FRIDAY, July 18, 2014 (HealthDay News) -- Only one in five sexually active U.S. teens has been tested for HIV, a new government report shows.
That percentage is concerning because teens make up a significant share of new HIV infections, researchers from the U.S. Centers for Disease Control and Prevention said.
"We know that one in four new HIV infections occur in young people ages 13 to 24, which is about 12,200 new infections per year in the United States," said lead researcher Laura Kann, chief of the CDC's school-based surveillance branch.
"We have too many kids in this country at risk of HIV infection and we have not enough kids tested for HIV, and we need to do more," Kann said.
The CDC report, which looked at data from 1991 to 2013, is to be presented July 23 at the 2014 International AIDS Conference in Melbourne, Australia.
Given the number of teens infected each year, Kann is at a loss to explain why the HIV testing rate stays at 22 percent.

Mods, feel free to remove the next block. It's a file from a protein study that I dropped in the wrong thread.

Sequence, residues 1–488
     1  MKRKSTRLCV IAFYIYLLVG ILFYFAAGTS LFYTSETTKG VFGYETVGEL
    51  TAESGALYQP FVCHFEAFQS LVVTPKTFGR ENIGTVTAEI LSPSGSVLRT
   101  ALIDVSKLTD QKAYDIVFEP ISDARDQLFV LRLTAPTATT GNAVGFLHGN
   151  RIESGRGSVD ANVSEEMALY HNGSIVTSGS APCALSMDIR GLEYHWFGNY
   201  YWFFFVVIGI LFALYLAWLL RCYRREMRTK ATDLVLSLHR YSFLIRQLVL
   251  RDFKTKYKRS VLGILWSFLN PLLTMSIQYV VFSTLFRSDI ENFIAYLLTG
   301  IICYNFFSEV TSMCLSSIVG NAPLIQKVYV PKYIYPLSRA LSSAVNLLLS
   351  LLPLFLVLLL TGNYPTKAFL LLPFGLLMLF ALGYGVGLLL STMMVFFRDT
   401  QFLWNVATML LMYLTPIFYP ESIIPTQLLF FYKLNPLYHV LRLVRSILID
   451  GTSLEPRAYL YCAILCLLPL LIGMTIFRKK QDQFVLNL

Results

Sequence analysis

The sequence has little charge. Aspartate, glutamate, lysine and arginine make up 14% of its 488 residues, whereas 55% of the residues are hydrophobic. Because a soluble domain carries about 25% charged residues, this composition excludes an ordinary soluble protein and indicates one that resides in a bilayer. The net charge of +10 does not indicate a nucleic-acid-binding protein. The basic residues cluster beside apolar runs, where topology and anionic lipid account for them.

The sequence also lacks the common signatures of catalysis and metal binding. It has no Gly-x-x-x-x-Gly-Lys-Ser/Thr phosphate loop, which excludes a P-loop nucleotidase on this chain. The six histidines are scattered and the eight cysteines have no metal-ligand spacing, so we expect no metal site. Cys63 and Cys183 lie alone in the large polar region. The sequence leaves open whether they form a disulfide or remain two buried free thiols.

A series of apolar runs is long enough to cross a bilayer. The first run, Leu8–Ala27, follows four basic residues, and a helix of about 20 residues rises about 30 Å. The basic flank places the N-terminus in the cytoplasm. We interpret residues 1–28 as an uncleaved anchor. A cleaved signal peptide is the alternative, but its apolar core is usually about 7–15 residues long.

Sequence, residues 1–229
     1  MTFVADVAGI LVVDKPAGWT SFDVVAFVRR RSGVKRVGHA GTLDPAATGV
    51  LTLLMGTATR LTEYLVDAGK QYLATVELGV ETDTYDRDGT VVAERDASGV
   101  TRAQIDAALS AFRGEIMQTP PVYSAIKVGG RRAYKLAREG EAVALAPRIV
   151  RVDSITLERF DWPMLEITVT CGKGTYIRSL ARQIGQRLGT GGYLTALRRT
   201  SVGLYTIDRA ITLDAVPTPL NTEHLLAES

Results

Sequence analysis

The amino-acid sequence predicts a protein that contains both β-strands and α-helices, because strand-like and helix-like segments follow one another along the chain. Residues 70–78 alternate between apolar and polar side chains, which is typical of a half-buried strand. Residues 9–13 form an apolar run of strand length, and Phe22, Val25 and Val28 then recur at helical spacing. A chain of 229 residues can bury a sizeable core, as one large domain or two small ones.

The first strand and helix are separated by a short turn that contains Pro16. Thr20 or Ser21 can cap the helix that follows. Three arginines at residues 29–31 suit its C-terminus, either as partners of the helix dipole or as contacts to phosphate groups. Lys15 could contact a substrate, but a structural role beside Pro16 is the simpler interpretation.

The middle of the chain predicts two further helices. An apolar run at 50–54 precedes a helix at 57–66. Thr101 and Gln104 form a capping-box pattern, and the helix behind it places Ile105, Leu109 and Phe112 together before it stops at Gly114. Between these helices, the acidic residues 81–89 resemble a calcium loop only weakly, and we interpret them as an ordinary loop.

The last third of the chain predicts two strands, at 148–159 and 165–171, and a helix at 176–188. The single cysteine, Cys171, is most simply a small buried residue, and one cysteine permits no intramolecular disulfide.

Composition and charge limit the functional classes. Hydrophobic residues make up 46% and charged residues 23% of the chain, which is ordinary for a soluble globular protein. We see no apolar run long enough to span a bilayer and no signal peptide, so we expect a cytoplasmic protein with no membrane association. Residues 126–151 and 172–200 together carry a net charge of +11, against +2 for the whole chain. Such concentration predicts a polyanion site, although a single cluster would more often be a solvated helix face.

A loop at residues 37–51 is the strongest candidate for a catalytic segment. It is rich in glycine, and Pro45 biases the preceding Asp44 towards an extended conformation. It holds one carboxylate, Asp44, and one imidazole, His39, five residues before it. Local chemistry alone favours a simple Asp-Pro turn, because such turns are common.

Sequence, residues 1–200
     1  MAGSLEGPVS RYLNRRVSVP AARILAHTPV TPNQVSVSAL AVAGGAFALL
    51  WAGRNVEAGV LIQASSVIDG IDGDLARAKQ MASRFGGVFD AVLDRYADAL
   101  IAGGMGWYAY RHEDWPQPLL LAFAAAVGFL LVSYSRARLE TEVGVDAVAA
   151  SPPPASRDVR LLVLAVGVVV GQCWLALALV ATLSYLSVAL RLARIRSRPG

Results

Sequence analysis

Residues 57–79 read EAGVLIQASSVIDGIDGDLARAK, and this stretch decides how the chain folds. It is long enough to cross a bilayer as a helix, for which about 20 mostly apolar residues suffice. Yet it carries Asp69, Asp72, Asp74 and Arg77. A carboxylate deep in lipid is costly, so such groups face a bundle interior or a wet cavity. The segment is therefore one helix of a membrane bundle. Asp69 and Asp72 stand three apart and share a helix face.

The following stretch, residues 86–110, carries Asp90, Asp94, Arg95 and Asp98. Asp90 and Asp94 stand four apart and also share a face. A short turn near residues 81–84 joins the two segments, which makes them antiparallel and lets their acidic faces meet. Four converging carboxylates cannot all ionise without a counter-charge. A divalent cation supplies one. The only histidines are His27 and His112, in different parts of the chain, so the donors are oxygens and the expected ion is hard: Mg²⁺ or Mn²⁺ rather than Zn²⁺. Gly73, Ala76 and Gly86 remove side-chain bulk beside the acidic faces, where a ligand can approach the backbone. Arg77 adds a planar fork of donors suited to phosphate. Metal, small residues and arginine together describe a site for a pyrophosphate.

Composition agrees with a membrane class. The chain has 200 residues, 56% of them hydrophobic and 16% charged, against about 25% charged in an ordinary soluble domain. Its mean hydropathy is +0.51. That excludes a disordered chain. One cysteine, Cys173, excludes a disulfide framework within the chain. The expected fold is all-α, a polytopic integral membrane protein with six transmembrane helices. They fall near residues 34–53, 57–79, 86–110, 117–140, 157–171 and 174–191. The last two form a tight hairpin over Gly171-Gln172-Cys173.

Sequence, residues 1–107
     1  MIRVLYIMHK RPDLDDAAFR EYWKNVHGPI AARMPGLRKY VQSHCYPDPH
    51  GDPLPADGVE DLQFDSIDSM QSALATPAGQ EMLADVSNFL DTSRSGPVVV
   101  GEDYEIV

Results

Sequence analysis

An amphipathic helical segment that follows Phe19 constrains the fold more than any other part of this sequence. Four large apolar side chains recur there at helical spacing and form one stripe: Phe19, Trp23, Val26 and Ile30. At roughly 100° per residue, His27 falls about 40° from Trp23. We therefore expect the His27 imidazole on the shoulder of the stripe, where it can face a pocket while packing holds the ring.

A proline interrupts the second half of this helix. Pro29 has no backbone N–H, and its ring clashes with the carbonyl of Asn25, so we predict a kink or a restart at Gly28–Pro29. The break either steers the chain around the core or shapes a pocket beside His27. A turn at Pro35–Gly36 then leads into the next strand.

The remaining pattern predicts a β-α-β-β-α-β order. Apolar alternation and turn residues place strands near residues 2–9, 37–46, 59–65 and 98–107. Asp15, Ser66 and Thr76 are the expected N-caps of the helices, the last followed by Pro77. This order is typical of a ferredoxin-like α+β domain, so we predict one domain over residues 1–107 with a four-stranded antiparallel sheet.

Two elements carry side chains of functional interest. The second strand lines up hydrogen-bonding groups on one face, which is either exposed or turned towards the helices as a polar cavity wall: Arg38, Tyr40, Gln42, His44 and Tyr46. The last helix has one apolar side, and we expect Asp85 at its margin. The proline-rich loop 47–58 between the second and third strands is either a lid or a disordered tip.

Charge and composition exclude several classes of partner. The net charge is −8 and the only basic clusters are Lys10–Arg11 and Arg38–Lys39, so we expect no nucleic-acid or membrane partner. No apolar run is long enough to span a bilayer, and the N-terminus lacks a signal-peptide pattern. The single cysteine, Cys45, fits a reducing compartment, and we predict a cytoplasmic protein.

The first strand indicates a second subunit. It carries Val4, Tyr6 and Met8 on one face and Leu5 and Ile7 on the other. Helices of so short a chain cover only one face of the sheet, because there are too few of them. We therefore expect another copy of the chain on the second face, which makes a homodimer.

"It's unclear why we have not been able to increase testing more than we have," she said. "We do have evidence of increased complacency about HIV among teens."
Kann thinks that because HIV can now be treated and is no longer a death sentence, teens may not be worried about being infected.
"Young people today were not around in the early days of the epidemic and did not see the havoc that it wreaked. And there is just not the same emphasis in our society there was previously, so some amount of complacency is there," she said.
Kann said preventing HIV and making sure teens are tested isn't just the responsibility of the CDC, but of communities and parents.
"It's important that teens know about risks, know how to get tested and know how to prevent infection," she
All rights reserved